• BABU ET Al.: TExTIlE PROCESSING AND EFFlUENT TREATmENT 142Table 1. Possible treatments for cotton textile wastes and their associated advantages and disadvantages Processes Advantages Disadvantages References Biodegradation Rates of elimination by oxidizable Low biodegradability of Pala and Tokat, 2002; substances about 90% dyes Ledakowicz et al., 2001. Coagulation– Elimination of insoluble dyes Production of sludge Gaehr et al., 1994. flocculation blocking filter Adsorption on Suspended solids and organic Cost of activated carbon Arslan et al., 2000. activated carbon substances well reduced Ozone treatment Good decolorization No reduction of the COD Adams et al., 1995; Scott and Ollis, 1995. Electrochemical Capacity of adaptation to different Iron hydroxide sludge Lin and Peng, 1994; Lin and processes volumes and pollution loads Chen, 1997. Reverse osmosis Removal of all mineral salts, High pressure Ghayeni et al., 1998. hydrolyzes reactive dyes and chemical auxiliaries Nanofiltration Separation of organic compounds of Erswell et al., 1998; Xu et al., low molecular weight and divalent ----- 1999; Akbari et al., 2002; Tang ions from monovalent salts. and Chen, 2002. Treatment of high concentrations Ultrafiltration– Low pressure Insufficient quality of the Watters et al., 1991; Rott and microfiltration treated wastewater Mike, 1999; Ciardelli and Ranieri, 2001; Ghayeni et al., 1998.into yarn, thread, or webbing; convert the yarn into Man-made Man-made Raw wool,fabric or related products; and dye and finish these filament fibers staple fibers cottonmaterials at various stages of production (Ghosh and Texturizing Fiber preparationGangopadhyay, 2000). The process of converting raw fibers into fin- Yarn formationished apparel and non-apparel textile products is Warping Spinningcomplex, so most textile mills specialize. There islittle difference between knitting and weaving in the Slashingproduction of man-made cotton and wool fabrics Knitting Knitting(Hashem et al., 2005). Textiles generally go throughthree or four stages of production that may include Weavingyarn formation, fabric formation, wet processing, andtextile fabrication. Some of the steps in processing Wet Preparation processingfibers into textile goods are shown in Figure 1. A listof some wastes that may be generated at each level De-sizingof textile processing are provided in Table 2. Desizing. The presence of sizing ingredients in Bleaching Mercerizingthe fabric hinders processes, such as dyeing, printing,and finishing. For example, the presence of starch can Dyeing,hinder the penetration of the dye into the fiber, which printingnecessitates removal of starch prior to dyeing or print-ing. Starch is removed or converted into simple water- Finishingsoluble products either by hydrolysis (by enzymaticpreparations or dilute mineral acids) or by oxidation (by Figure 1. A flow diagram for various steps involved in pro-sodium bromide, sodium chlorite, etc.) (Batra, 1985). cessing textile in a cotton mill. In general, about 50% of the water pollution isdue to waste water from desizing, which has a high be recovered by distillation for use as a solvent orBOD that renders it unusable. The problem can be fuel, thereby reducing the BOD load. Alternatively,mitigated by using enzymes that degrade starch into an oxidative system like H2O2 can be used to fullyethanol rather to anhydroglucose. The ethanol can degrade starch to CO2 and H2O.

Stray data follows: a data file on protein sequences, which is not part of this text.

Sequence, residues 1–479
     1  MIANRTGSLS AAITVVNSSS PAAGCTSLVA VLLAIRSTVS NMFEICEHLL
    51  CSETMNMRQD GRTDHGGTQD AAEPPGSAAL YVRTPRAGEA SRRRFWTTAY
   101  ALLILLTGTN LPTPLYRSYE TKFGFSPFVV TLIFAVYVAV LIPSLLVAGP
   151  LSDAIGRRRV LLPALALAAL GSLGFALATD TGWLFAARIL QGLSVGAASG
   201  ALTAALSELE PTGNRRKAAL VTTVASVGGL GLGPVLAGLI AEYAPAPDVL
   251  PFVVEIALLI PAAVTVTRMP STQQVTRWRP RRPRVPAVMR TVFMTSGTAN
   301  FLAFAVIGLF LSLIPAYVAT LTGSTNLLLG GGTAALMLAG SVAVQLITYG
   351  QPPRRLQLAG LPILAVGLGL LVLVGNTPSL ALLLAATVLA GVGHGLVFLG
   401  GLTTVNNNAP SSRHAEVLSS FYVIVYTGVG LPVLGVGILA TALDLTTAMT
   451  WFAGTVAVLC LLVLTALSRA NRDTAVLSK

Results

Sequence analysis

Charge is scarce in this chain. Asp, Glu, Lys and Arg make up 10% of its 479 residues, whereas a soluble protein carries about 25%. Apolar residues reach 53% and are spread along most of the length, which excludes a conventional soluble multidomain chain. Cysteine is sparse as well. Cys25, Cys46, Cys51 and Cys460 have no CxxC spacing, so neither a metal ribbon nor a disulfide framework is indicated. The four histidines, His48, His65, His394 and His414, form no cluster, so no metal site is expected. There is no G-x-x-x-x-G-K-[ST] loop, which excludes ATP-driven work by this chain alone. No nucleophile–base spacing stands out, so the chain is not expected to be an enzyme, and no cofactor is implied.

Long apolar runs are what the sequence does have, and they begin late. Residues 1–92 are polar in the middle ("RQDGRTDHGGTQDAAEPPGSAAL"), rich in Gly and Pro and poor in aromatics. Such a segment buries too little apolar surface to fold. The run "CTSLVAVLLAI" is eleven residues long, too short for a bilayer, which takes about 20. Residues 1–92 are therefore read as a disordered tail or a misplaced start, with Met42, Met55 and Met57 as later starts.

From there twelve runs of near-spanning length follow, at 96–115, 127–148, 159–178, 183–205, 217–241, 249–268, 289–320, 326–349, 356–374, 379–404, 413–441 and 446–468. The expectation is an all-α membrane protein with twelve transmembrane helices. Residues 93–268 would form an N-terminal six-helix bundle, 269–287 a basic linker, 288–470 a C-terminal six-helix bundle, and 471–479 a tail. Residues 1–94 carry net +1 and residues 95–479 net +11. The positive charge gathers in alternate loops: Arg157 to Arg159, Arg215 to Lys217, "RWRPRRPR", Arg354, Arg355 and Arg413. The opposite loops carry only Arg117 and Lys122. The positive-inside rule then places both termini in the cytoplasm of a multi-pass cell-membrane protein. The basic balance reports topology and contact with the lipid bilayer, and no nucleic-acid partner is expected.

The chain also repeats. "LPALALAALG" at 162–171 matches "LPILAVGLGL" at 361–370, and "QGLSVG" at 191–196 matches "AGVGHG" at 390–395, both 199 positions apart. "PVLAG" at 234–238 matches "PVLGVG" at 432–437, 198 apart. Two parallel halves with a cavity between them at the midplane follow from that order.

• JOURNAl OF COTTON SCIENCE, Volume 11, Issue 3, 2007 143 Electro-oxidation on RuO2/Ti or PbO2/Ti elec- were a biomass concentration of approximately 0.5trodes is an effective method for the treatment of mg/ml N (5 mg/ml volatile suspended solids), 20starch effluent. An anaerobic plate-column reactor °C, an HRT of 30 h, and a TOC-loading rate of 0.8capable of retaining high concentrations of biomass g/l/day. A removal efficiency of dissolved organicwas studied using a synthetic wastewater that con- carbon exceeding 90% was realized. At the endtained starch. The total organic carbon (TOC)-load- of the treatment, the removal efficiency reacheding rate, hydraulic retention time (HRT), and tem- a steady-state value of 98%, at which the biomassperature were kept constant. The initial conditions concentration in the reactor was 2.3 mg/ml N.Table 2. List of some of the waste materials generated at each level of cotton textile processing Process Air emissions Wastewater Residual wastes Fiber Little or no air emissions Little or no wastewater Fiber waste; packaging waste; hard preparation generated generated waste. Yarn spinning Little or no air emissions Little or no wastewater Packaging waste; sized yarn; fiber generated generated waste; cleaning and processing waste. Slashing/sizing Volatile organic compounds BOD; COD; metals; cleaning Fiber lint; yarn waste; packaging waste, size waste; unused starch-based sizes. Weaving Little or no air emissions Little or no wastewater Packaging waste; yarn and fabric generated generated scraps; off-spec fabric; used oil. Knitting Little or no air emissions Little or no wastewater Packaging waste; yarn and fabric generated generated scraps; off-spec fabric. Tufting Little or no air emissions Little or no wastewater Packaging waste; yarn and fabric generated generated scraps; off-spec fabric. Desizing Volatile organic compounds BOD from water-soluble sizes; Packaging waste; fiber lint; yarn waste; from glycol ethers synthetic size; lubricants; cleaning materials, such as wipes, rags biocides; anti-static and filters; cleaning and maintenance compounds wastes containing solvents. Scouring Volatile organic compounds Disinfectants and insecticide Little or no residual waste generated. from glycol ethers and residues; NaOH; detergents; scouring solvents fats; oils; pectin; wax; knitting lubricants; spin finishes; spent solvents Bleaching Little or no air emissions Hydrogen peroxide, sodium Little or no residual waste generated. generated silicate or organic stabilizer; high pH Singeing Small amounts of exhaust Little or no wastewater Little or no residual waste generated. gasses from the burners. generated. Mercerizing Little or no air emissions High pH; NaOH. Little or no residual waste generated. generated. Heat setting Volatilization of spin finish Little or no wastewater Little or no residual waste generated. agents applied during generated. synthetic fiber manufacture. Dyeing Volatile organic compounds Metals; salt; surfactants; Little or no residual waste generated. toxics; organic processing assistance; cationic materials; color; BOD; sulfide; acidity/ alkalinity; spent solvents. Printing Solvents, acetic acid from Suspended solids; urea; Little or no residual waste generated. dyeing and curing oven solvents; color; metals; heat; emissions; combustion BOD; foam. gasses; particulate matter. Finishing Volatile organic compounds; BOD; COD; suspended solids; Fabric scraps and trimmings; contaminants in purchased toxics; spent solvents. packaging waste. chemicals; formaldehyde vapor; combustion gasses; particulate matter. Product Little or no air emissions Little or no wastewater Fabric scraps. fabrication generated. generated.